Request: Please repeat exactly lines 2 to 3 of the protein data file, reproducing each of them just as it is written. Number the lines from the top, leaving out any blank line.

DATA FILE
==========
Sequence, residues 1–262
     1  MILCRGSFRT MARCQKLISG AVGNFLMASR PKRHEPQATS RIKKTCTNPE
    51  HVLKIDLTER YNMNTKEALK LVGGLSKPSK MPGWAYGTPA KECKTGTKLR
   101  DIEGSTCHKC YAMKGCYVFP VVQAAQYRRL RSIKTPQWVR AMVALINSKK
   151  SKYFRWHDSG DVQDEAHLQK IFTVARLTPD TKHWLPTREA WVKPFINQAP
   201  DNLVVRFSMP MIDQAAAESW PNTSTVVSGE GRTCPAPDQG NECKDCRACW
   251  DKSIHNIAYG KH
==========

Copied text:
     1  MILCRGSFRT MARCQKLISG AVGNFLMASR PKRHEPQATS RIKKTCTNPE
    51  HVLKIDLTER YNMNTKEALK LVGGLSKPSK MPGWAYGTPA KECKTGTKLR